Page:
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Freshman Forum organizes ‘glow run’ in support of the Wounded Warrior Project


For their Summer Reading project, JSU’s Freshman forum read “The Things They Carried” by Tim O’Brien, which is about a platoon of American soldiers in the Vietnam war.

“It was a great book,” says freshman student Mallory Kirk. “It was really inspiring.”

The book had such a profound effect on the students that the forum decided to hold a ‘glow run,’ and donate the proceeds to the Wounded Warrior Project.

From their website, the Wounded Warrior Project has a vision “to foster the most successful, well-adjusted generation of wounded service members in our nation’s history.”

Started in 2003 by veterans in Roanoke, Virginia, the Wounded Warrior Project has been serving disabled veterans by providing services that are supported by donations. Organizations that have been involved with the Wounded Warrior Project in the past include the NFL, Geico, and Verizon Wireless.

In honor of the 10-year anniversary of the Wounded Warrior Project, the Freshman forum invited participants to join them in a 10-lap walk around Dillon field on Monday, November 4th at 7:00 pm.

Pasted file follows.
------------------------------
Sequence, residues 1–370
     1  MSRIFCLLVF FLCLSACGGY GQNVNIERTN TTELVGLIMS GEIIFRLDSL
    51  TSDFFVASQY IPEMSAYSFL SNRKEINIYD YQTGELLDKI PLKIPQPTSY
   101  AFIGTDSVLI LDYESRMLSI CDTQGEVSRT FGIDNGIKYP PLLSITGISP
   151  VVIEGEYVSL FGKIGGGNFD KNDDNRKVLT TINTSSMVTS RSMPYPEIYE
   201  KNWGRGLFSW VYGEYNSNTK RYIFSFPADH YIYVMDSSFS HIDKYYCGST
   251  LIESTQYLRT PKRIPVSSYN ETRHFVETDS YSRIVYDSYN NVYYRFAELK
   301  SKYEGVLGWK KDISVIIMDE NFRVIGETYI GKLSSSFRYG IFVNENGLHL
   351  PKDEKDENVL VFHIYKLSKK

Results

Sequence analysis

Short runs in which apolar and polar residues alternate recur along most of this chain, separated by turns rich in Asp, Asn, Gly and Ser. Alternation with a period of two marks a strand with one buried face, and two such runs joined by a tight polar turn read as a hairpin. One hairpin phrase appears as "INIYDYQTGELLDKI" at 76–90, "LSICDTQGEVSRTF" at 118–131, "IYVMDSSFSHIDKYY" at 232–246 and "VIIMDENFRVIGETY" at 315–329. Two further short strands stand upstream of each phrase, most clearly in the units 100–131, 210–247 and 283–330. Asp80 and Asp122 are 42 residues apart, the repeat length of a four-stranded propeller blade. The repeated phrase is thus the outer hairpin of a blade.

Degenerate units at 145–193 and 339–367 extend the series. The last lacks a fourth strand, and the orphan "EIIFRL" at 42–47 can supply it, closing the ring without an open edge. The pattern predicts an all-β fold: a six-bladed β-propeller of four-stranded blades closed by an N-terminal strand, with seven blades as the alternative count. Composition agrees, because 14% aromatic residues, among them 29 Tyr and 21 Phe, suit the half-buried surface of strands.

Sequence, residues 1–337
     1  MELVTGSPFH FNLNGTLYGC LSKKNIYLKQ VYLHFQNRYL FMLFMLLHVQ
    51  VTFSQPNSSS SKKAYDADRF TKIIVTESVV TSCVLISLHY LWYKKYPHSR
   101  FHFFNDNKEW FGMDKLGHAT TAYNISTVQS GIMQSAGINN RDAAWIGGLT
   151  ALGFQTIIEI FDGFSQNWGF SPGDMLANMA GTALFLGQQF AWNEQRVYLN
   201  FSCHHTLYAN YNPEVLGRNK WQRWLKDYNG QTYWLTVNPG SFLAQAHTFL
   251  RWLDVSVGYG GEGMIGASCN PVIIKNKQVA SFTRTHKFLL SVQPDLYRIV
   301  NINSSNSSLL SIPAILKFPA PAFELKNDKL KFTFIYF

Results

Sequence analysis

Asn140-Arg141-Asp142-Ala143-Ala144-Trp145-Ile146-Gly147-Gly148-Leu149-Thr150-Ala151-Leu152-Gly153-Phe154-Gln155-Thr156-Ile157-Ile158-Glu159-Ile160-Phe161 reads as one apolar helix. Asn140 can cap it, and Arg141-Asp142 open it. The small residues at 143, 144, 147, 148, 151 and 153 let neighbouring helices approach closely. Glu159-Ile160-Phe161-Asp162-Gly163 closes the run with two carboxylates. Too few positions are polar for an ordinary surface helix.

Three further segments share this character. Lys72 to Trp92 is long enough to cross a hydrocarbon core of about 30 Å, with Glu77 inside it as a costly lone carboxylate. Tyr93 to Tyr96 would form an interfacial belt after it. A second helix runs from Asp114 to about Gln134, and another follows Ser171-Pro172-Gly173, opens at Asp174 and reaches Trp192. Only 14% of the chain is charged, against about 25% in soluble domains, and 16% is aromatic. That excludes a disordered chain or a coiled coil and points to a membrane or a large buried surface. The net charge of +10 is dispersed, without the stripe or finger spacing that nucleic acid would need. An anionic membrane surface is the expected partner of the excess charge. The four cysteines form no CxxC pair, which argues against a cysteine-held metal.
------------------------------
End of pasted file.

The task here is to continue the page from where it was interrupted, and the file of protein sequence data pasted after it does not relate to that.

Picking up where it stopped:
Although it was fairly cold outside, the spirit of the attendants was high as they lit their glow sticks and prepared for the walk.

“We really wanted to do something worthwhile–something that would mean something and help someone. We feel like raising money here tonight is a positive thing for all of us,” says Kirk.

The participants walked the first lap silently in honor of all American soldiers who have lost their lives defending our country. Afterwards, participants continued circling the field, either walking or jogging, while listening to live music performed by a local band, Hazel and Spree.

Freshman forum mentor Brittnei Scott expressed her satisfaction in the event. “As a mentor, I am very proud to see the forum come together for such a wonderful cause, and as the daughter of two military veterans it was an honor to see all of these students coming together for people who get forgotten about sometimes.”

Overall, the forum raised $200. One hundred percent of the donations will be given to the Wounded Warrior Project.

“It feels great.” says Kirk, “It’s good to know that you can be a part of something so big that means so much to many.”

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